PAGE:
Step 2
Attach a third piece of string to the ceiling. Instruct students to position it so it intersects one of the strings. Secure the end.

Step 3
Attach a fourth piece of string to the wall. Ask them to position it so that it is not parallel to or intersecting any existing string.

(My ingenious bunch took the string out of the door and fastened it to the bannister, just in time for management to thankfully not be garroted)

Step 4
Give the students a fifth string and instruct students to make it parallel to an earlier string and intersect the fourth string. They choose both end points.

If all goes well, you’ll get something like this:

You can then explain the differences between parallel, intersecting and skew lines without resorting to iffy diagrams on a whiteboard or complicated geometry software. Students can walk through them and really get a feel for the geometry of the situation.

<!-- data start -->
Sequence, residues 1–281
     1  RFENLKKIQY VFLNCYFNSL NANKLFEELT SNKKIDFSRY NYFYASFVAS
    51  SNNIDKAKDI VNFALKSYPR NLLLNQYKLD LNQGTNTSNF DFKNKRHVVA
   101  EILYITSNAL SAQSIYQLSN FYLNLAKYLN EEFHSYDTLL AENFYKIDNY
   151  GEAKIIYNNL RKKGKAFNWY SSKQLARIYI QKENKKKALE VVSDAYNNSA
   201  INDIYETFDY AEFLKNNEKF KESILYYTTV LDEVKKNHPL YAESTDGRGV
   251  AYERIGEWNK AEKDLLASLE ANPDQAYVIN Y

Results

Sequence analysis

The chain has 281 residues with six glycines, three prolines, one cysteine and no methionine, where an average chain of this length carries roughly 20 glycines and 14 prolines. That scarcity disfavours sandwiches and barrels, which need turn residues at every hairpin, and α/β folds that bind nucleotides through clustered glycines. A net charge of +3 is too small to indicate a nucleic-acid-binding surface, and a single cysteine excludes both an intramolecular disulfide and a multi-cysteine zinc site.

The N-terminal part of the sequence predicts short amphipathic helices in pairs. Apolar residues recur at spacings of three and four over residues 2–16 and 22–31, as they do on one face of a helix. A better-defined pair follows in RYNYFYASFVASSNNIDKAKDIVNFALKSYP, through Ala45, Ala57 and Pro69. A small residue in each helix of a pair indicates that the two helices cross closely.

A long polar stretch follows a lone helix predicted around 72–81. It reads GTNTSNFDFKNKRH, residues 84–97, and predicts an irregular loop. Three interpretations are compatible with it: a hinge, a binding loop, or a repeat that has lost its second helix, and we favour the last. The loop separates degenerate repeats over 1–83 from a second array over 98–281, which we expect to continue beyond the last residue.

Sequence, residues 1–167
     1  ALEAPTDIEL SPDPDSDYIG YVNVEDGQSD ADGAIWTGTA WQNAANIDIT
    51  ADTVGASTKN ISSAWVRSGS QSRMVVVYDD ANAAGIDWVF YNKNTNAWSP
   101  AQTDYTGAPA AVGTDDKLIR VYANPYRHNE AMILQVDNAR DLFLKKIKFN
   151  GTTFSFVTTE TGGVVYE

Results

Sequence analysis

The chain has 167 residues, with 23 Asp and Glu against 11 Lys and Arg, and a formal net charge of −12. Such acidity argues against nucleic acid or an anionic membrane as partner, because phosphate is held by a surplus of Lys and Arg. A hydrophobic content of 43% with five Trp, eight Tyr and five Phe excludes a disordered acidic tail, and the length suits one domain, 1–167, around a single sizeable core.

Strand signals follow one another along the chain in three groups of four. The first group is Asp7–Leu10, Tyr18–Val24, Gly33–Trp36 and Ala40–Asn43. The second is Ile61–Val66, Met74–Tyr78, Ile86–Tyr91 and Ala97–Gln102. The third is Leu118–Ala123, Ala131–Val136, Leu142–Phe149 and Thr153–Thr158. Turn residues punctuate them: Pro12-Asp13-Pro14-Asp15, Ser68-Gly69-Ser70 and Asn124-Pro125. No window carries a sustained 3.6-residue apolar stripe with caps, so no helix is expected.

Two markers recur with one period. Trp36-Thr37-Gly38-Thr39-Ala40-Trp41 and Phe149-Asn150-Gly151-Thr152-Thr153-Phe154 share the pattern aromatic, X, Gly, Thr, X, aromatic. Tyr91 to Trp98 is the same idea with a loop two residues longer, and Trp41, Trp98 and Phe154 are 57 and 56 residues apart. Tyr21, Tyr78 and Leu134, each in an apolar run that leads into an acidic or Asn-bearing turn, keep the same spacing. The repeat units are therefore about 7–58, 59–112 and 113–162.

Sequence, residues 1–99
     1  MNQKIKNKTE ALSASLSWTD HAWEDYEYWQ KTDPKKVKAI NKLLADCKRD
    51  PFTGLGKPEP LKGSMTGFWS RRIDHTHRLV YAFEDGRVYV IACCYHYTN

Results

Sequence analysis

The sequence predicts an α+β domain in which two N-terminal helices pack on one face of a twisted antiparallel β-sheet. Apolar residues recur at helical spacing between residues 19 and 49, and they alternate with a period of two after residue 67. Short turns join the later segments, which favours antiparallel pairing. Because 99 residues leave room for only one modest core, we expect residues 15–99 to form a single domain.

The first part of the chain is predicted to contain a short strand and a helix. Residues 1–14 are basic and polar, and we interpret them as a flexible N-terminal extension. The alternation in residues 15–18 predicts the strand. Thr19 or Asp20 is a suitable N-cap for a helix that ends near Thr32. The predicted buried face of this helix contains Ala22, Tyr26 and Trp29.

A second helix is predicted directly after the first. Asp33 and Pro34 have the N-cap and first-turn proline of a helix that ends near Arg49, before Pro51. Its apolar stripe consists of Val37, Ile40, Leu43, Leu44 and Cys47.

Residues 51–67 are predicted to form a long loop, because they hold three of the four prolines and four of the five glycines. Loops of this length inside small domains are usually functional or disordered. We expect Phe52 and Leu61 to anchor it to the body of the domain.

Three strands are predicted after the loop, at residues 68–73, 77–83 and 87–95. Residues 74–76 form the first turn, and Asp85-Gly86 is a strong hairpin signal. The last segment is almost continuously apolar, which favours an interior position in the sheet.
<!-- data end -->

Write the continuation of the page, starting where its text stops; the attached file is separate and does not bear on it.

(When it comes to taking it down, I hope your students are slightly more sane than mine – one of them shouted ‘Argh, it’s a spider web’ and ran through it. Actually quite an efficient way to tidy up!)

Resources
3d vector cards (pdf)
3d vector cards (docx)
The challenge is to find the parallel lines (3 lines), the skew lines and the intersecting lines (2 pairs).

There are more ideas on 3D vector equations here:
211. Hidden Rectangle Problem

# 259. Squashed Tomatoes

If you taught in England while mathematical coursework still existed, this post may not be new to you. However those who did not may be pleasantly surprised by the simple complexity of ‘Squashed Tomatoes’!

Aim
To investigate a growth pattern, which follows a simple rule.

Equipment

• Squared paper
• Coloured pens/pencils
• Ruler & pencil

Rules